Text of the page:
Starting the year with a heavy heart. Family tears for a little lost dog.

December 31, 2011

This was going to be about fun times on New Year’s Eve. Laughs to end 2011. But laughter is hard to find around here at present.

Coco has gone missing. Our beloved dog. The tiny ball of fluff responsible for so much family fun.

She made the trip with us to the Gold Coast this Christmas. Part of the celebration. Even got a new collar and lead from Santa. With sparkles. That she never got to wear.

One minute she was part of the fun around the brother-in-law’s pool on Boxing Day afternoon. The next, gone. We think she wriggled under a fence.

Coco has form for escaping. Loves the wind in her fluffy ears, skinny legs  hurtling down the road. Always to come home, with a wicked grin.

But not this time. She was in a strange place. Different road. And as much as we adore her, it’s fair to say she is easily confused.

We started searching straight away. The extended family. House by house. Street by street. Into the darkness. Nothing.

Everyone expected her to sprint back in that night, tongue hanging sideways. But she didn’t. There were tears.

We went looking again the next morning. Started the process of contacting the city pound, local vets, and the RSPCA.

I thought about the last thing I’d said to her. She’d been left to her own devices the night before, on the big verandah. This resulted in a barking onslaught at sunrise, aimed at next door’s chooks.

Not what we wanted after a late night. I let her know that, angrily, as I locked her away. It might be the last thing she’ll hear from me. Why does that always happen?

I tried to explain to the girls that it would take some time. That someone nearby was probably looking after her, until the pound re-opened. Possibly trying to convince myself.

That afternoon, we put up flyers all over the neighbourhood. Laminated, with coloured photos. The Teenager demanded only the best for her dog.

The girls were much younger when Coco came into our lives. She made an impact from Day One.

The Treasurer was going away on a business trip. The Teenager and Daughter Two were naturally upset. It was my job to cheer them up.

After leaving the airport, we ate junk food, and bought stuff, and ended up in a pet shop.

The girls explained that they’d been looking at a puppy the day before. The Treasurer had told them they should show it to me while she was away. We could decide later if we wanted it.

This was the cutest mutt I’d seen. Papillon x Maltese. White, with black patches, and tan markings on her face. Normally, I wouldn’t look twice at a dog that small. But there was something special about this one.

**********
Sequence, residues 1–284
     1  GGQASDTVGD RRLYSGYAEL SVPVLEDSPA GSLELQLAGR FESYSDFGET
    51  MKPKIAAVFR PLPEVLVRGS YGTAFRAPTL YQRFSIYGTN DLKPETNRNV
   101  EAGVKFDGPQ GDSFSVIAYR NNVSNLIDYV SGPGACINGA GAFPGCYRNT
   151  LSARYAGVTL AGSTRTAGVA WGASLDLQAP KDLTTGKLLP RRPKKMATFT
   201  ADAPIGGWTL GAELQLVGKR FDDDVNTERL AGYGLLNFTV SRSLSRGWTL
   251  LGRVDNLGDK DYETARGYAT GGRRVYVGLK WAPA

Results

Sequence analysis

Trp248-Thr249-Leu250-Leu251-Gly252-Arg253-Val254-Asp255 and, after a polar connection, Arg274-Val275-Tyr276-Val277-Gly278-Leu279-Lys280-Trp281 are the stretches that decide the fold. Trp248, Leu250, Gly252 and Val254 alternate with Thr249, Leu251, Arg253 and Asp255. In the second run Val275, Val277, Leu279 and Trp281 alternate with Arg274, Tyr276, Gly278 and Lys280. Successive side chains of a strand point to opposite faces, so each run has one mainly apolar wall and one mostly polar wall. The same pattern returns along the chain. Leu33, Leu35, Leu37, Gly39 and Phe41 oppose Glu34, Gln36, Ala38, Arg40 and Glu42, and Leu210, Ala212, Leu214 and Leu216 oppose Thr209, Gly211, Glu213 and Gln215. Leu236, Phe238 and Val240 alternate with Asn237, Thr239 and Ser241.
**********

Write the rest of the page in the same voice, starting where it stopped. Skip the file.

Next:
It was an on-the-spot call that Dads are famous for. Why wait? What better way to take their minds off my limited cooking ability, than for the girls to have a new puppy at home!

With the boot full of food, bowls, leads and other expensive puppy accessories, we headed home with a new family member. Smiles replaced  tears.

We set up the rumpus room for her, cordoned off with cardboard boxes. She jumped, and played, and did a wee every ten minutes. Something that never changed.

As she grew, Coco played a different role with each of us. She kept the Treasurer company during the day in her office. For the girls, it was cuddling on the lounge, after a hard day of barking at next door’s cat.

My treat was the same each night. When I sat down after work, she would jump on my lap, to have her neck scratched. Always for a few minutes. Then she would take off, looking for dinner scraps, and a mat to pee on.

It’s been five days now. We’re refusing to accept that she’s not coming back.

There is the chance, of course, that someone has picked her up, and spotted what we love about her. Maybe, they’ve decided to keep her.

That would make us all terribly sad. But if we can’t have her, we hope she ends up in a loving home. If that’s the case, here are some important tips.

She’s a fussy eater. Good luck trying to find the right dog food. I never could. Leftover BBQ meat is a favourite.

She’ll enter every part of your life. Nothing is off-limits. You’ll try to section the house off, and it won’t work.

She’ll bark at birds, and cats, and salesmen, and the guinea pig. Until you tell her to stop. Then she’ll give you that “just letting them know who the boss is” look.